• Cards - Ace through King in 4 suites plus Jokers
  • Decks of Cards - That can be shuffled and dealt
  • Wheels with labeled & colored pieces - that can be spun
  • Card Hands - That hold some number of cards
  • Slot Machines - The containg collections of wheels
  • ...

At first, it may sem like all classes should be public, but what we listed here are the things we would expect the user of the package to want (those should be public). But, there will be other classes (such as, perhaps, a ListItem class for a circular list) that are part of the internal representation of the public classes. These internal items should not be public for two reasons:
  1. The users doesn't care about them, so making them public just clutters up the user's view of the package (the API)
  2. Making them public ties your hands. It can prevent you from making changes to the internal representation later, since users of the package may depend on those classes being there.

So, the rule of thumb for classes is:
If the user of the package needs it, make it public, but if its part of the internal representation, keep it at the default ("package") level.

What about methods and instance variables?

The reasoning is similar, but there are more protection levels to choose from.

Here's a rule of thumb for methods & instance variables:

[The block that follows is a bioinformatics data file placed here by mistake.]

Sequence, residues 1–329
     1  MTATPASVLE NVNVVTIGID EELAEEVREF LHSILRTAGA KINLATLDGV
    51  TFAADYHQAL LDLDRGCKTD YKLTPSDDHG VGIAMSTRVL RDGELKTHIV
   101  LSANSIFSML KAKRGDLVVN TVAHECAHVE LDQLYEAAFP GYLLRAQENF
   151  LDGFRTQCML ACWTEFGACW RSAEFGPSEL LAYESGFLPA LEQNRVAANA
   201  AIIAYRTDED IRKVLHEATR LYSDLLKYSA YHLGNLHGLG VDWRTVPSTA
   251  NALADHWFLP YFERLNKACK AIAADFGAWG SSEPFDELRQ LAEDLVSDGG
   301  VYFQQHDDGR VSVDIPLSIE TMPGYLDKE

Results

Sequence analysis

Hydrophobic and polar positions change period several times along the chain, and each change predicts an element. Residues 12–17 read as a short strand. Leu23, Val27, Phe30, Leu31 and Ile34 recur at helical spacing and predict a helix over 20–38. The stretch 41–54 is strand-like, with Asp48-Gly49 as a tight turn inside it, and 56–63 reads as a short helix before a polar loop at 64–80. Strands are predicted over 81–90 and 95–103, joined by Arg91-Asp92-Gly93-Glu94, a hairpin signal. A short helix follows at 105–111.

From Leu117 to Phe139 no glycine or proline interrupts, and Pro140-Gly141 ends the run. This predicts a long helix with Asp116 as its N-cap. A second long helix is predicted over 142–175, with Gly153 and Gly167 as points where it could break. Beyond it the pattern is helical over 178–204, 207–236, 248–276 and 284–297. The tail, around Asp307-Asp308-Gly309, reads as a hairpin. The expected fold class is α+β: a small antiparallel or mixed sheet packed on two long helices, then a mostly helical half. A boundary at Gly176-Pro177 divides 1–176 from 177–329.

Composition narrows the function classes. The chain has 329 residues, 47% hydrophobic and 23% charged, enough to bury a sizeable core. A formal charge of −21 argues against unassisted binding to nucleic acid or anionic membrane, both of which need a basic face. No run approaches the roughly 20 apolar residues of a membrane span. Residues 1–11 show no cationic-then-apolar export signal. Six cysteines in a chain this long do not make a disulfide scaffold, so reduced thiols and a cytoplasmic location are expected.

if (access from outside this class could falsify a representation invariant){
make it private so it's accessible only by this class.
for variables, control external access using accessor/mutator (get/set) methods.
(Note: Most of the time, instance variable should be private.)
}
else if (access is required by the package user){
make it public so it's part of the API
}
else if (access would be useful for subclasses, and would not expose the represenatation to overly restrict future implementations){
make it protected so subclasses can use/override it
}
else{
use the default ("friendly" or "package") protection
}

For example, in the casino package, what would you do with...
the method in roll() in the Dice Class? public (part of API)

the instance variable numCardsLeft in Deck Class? private (with public "get" accesor)

the method next() in the class ListOfCards? package (assuming ListOfCards is not public & only deck uses it.)

the instance variable suit in class Card? private (wouldn't want it changed) OR public final because you don't want to change it.

Final can also be used in conjunction with protection.

if a class is final, you can't extend it & all its methods are automatically final.
if a method is final, you can't override it.

Also, when a method is final, the compiler can "inline" it, meaning that it puts the body of the method in place of the call to avoid the runtime overhead involved in creating an activation record & copying parameter values (but this is a bad idea if the method is large because the class files get large).